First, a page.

Out of all the problems plaguing WWE in the latter stages of 2002, the most glaring problem in the promotion is the lack of talent and depth at the main event level. One doesn’t have to look further than the double main event of Survivor Series ’02 to see that WWE just doesn’t have the compelling main event division it had just a year ago.
If anyone thinks that HHH vs. Kane and Brock Lesnar vs. The Big Show is a double main event worthy of one of WWE’s premiere PPVs, then they are going to be shocked and appalled when the buyrate comes in.
The logical thing for WWE to do would be to choose two guys on each roster, and push them to the sky, much like they did for Brock Lesnar. Even if only two out of the four stick at the main event level, that adds two main events to the three (HHH, Undertaker, Brock) on the roster at the current time.
But that doesn’t seem to be in the cards anytime soon, as potential guys like RVD and Booker T are wasted on Raw, and the Angle/Benoit/Edge/Rey/Guerrero workrate machine doesn’t seem to be elevating anyone in particular.
WWE does have several bona fide main eventers off the active roster at the current time. The Rock, Hulk Hogan and even Kevin Nash are currently out of action for various reasons. While Nash might not be a proven commodity to Vince McMahon, both the Rock and Hulk Hogan are, and there is no reason WWE can’t use the starpower of both of those wrestlers to further the career of current upper midcarders who need that final push.
Imagine this scenario: starting this Thursday, and for every Smackdown between now and January (when the Rock could return), Eddie Guerrero grabs a mic and challenges the Rock to a match. Week after week, Eddie just won’t shut up about the Rock, calling him out for running out to Hollywood, etc. Perhaps a match could be made for the December PPV between Eddie and Rikishi, who would in the Rock’s absence, stick up for his Samoan breathren.
Perhaps WWE thinks the Rock will return as a heel. If so, they could instead use a face to call out the Rock, for being a sell out and not having his heart in wrestling.
Either way, by the time the Rock does come back to WWE, whether it’s in January or February, he will step directly into a hot program leading up to Wrestlemania. The Rock would presumably win the final confrontation, but in the process, a new main eventer would have already gotten the rub from a months-long program with the Rock.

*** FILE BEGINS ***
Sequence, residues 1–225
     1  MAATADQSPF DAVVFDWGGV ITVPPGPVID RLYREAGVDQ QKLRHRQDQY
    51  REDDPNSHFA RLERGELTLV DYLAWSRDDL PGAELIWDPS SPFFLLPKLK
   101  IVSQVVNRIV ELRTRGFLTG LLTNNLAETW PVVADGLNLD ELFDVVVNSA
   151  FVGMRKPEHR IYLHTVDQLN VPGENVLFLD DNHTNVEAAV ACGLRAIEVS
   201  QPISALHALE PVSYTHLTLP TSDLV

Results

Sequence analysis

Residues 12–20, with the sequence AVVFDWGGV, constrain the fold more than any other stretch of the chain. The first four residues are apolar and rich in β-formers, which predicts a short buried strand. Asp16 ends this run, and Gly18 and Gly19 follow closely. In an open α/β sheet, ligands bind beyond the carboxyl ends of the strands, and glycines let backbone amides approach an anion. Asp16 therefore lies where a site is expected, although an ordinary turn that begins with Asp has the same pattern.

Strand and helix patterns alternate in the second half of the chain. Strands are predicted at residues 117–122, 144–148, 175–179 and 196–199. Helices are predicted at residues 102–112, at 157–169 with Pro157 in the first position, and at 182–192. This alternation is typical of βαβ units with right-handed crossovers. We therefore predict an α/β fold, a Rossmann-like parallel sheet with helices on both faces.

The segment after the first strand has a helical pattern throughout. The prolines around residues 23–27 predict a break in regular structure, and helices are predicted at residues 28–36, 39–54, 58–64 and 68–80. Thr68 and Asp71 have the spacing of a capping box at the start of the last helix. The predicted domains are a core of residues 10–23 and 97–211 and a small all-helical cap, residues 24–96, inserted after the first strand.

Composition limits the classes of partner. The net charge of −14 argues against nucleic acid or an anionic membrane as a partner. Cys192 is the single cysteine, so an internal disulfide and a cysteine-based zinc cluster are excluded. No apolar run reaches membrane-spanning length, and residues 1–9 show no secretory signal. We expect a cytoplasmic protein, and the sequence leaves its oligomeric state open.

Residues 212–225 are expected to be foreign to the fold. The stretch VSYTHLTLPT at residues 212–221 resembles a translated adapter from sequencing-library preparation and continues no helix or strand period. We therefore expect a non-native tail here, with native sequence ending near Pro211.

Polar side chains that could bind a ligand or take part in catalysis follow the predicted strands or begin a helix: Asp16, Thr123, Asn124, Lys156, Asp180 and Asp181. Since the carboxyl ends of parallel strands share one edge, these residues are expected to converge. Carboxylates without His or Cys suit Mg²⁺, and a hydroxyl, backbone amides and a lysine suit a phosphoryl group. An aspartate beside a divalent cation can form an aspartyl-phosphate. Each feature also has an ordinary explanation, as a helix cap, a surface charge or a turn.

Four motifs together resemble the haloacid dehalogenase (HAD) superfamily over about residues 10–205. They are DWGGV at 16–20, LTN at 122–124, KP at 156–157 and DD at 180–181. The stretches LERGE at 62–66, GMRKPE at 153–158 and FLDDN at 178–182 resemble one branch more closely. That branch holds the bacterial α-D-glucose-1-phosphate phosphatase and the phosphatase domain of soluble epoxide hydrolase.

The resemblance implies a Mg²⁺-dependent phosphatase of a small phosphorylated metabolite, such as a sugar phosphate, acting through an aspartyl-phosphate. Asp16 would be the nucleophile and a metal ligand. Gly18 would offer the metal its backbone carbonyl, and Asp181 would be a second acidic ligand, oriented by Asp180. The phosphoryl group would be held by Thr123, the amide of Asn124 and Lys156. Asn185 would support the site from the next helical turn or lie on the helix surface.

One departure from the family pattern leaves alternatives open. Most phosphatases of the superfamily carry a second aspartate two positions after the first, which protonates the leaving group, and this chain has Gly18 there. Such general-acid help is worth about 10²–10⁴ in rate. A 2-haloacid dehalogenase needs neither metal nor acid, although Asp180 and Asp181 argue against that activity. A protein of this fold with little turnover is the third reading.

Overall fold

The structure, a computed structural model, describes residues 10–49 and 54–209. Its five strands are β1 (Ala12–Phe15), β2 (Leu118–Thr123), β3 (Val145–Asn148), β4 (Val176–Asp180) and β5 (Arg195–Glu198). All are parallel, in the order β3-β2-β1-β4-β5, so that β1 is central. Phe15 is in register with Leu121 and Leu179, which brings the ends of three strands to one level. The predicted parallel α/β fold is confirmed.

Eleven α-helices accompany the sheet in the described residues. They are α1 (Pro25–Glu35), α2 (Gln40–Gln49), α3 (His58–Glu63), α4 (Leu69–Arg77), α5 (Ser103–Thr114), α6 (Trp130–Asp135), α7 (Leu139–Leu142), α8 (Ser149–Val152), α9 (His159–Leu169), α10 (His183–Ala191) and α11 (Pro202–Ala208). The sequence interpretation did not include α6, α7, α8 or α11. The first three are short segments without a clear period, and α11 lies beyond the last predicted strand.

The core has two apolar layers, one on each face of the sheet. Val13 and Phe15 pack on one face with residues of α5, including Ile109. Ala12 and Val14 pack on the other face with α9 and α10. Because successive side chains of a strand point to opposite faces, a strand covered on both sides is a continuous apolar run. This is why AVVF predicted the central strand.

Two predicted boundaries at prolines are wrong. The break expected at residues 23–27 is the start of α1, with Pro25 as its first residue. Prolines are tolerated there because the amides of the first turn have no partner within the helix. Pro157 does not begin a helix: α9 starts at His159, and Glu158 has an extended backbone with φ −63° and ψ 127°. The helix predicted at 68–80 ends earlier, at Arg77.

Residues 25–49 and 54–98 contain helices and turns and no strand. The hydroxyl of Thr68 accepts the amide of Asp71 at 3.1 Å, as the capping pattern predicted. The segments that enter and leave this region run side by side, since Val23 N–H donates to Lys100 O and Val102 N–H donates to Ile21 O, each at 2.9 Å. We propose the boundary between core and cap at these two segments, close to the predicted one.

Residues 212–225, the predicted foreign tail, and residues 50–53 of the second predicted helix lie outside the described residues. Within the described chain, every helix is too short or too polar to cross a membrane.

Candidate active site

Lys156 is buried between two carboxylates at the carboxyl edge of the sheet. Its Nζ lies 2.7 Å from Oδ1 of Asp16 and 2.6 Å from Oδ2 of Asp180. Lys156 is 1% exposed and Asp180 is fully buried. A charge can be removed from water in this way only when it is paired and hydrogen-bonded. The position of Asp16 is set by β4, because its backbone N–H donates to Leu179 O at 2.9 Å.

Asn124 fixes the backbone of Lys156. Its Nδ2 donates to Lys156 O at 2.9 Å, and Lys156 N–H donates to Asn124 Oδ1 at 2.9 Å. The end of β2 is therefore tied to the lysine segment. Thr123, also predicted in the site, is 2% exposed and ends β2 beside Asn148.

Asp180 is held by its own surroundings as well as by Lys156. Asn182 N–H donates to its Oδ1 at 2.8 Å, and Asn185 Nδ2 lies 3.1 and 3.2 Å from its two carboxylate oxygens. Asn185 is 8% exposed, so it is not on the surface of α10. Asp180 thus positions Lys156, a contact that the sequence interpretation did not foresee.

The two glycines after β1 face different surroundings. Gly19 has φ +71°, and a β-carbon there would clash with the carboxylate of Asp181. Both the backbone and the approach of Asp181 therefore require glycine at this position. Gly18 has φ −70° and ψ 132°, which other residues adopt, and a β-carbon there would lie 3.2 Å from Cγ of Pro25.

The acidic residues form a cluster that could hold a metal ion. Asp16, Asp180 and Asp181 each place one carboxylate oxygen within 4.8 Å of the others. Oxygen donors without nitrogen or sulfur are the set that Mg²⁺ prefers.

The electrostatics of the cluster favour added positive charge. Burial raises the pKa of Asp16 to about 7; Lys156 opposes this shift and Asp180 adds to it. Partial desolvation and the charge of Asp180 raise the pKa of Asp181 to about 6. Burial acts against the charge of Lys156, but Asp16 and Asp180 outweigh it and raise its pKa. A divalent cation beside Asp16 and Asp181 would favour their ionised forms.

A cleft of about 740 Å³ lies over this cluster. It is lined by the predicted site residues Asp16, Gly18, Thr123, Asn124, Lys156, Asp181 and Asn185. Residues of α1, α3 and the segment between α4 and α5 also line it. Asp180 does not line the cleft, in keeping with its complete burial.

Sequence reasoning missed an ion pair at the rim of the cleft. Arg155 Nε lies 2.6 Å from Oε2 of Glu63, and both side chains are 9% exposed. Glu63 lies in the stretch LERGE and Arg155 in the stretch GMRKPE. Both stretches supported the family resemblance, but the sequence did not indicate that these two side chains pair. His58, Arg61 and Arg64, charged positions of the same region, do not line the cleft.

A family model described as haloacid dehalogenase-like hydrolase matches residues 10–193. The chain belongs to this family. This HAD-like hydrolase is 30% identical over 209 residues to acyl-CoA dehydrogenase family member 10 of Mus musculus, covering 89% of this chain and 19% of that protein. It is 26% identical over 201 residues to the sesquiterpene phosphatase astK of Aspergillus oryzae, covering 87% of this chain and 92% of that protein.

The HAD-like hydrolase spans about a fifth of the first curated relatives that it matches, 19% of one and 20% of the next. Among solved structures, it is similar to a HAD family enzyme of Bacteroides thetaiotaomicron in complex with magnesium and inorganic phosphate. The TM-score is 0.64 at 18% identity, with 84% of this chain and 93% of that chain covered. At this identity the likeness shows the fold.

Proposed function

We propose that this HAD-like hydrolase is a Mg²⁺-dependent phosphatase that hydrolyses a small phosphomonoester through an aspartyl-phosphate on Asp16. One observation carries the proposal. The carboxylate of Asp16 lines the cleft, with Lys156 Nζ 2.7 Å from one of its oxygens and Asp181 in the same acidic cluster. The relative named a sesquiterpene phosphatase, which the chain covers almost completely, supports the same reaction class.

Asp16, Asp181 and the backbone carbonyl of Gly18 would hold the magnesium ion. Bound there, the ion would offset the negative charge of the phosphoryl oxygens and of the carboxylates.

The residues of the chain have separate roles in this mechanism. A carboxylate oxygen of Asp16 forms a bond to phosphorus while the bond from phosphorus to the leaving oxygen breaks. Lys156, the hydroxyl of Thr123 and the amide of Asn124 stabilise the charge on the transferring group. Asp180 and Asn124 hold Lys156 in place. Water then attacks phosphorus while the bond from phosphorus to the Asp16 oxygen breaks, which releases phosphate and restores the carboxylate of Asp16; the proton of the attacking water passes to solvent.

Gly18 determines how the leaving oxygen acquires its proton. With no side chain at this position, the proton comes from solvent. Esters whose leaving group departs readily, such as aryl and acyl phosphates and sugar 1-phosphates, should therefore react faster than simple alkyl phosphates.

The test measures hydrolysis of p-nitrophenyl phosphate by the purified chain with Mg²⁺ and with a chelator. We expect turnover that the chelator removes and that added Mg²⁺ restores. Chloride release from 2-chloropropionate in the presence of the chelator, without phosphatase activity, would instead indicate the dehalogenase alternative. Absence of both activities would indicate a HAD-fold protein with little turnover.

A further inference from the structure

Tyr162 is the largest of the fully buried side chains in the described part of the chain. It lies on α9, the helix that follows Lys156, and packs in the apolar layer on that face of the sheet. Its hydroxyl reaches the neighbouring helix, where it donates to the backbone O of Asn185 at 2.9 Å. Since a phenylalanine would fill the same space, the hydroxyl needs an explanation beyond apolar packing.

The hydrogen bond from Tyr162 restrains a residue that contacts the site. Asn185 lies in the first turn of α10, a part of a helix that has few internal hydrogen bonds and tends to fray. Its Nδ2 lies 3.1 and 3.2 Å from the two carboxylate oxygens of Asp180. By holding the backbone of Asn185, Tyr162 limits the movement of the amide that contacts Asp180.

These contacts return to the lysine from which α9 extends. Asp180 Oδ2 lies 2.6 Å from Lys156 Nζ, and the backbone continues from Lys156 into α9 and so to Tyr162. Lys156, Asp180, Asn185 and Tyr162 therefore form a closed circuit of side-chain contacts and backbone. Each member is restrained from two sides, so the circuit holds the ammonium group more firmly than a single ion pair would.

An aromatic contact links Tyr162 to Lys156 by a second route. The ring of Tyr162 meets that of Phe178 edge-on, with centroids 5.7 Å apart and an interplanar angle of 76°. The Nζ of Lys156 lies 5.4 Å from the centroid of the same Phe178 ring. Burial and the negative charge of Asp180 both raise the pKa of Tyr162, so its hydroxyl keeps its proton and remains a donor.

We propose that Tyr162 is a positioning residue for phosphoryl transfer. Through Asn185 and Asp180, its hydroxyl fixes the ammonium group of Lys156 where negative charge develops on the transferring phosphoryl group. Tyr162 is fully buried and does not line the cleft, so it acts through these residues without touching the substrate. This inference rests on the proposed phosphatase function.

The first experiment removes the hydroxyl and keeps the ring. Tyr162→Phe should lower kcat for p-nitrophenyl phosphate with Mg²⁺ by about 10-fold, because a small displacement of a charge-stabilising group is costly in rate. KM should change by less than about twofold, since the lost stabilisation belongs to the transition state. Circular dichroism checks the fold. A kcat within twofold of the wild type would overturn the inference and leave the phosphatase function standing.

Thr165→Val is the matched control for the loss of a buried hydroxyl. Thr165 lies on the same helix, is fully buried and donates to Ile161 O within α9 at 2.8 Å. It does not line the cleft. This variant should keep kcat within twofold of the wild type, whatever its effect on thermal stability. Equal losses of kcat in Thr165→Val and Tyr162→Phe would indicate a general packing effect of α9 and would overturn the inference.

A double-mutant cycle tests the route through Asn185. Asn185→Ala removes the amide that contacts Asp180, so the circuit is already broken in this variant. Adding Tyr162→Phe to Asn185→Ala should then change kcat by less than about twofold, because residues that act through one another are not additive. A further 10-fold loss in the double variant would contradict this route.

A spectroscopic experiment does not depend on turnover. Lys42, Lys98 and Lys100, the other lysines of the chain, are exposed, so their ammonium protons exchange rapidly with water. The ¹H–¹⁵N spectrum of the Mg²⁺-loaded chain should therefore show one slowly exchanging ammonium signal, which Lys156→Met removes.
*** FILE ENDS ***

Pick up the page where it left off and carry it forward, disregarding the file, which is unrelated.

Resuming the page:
Hulk Hogan is also on the sidelines, playing out an injury angle at the hands of Brock Lesnar. That aside, Hogan, too, could be used in a long distance angle eventually leading to a big money match. WWE could sign Scott Steiner, and have him crash Raw, calling out Hogan to come back and face him. In the meantime, Steiner could be built up on Raw by beating some mid carders in PPV matches, until Hogan finally comes back to face Steiner.
If they don’t want to use Steiner, they could easily use another WWE wrestler to do call out Hogan to come back and be a man and face Brock again. Then, with that guy in his corner, let’s say Edge, he comes back for a big match vs. Brock, and during the match, Edge could turn on Hogan, and set up a huge money match for a PPV.
When the success of Steve Austin is analyzed, many point to his defeat of Shawn Michaels at Wrestlemania 14, or his bloody loss to Bret Hart at Wrestlemania 13 as the major turning point. However, in the summer after WM12 and before WM13, Austin spent months calling out Bret Hart, continuing to rise the ranks until Bret came “back to attack” and meet Austin one on one at Survivor Series 96. Even though Austin lost that match, he was firmly entrenched in the main event picture from that point forward.
There is no reason WWE couldn’t replicate the success of that angle with either the Rock or Hogan in the next few months, or even both. Unlike the Hart/Austin angle from 1996, where there was a legitimate risk of Hart leaving the promotion, The Rock is guaranteed to come back and fight the young upstart in 2003, and Hogan is virtually locked in to return to WWE for at least a few more matches.
If WWE is going to succeed, they have to use their main event talent in every conceivable manner, including giving new wrestlers the rub when established top guys are out of action. An old school challenge could be just the ticket to give a floundering WWE upper midcarder the final push to the top he needs.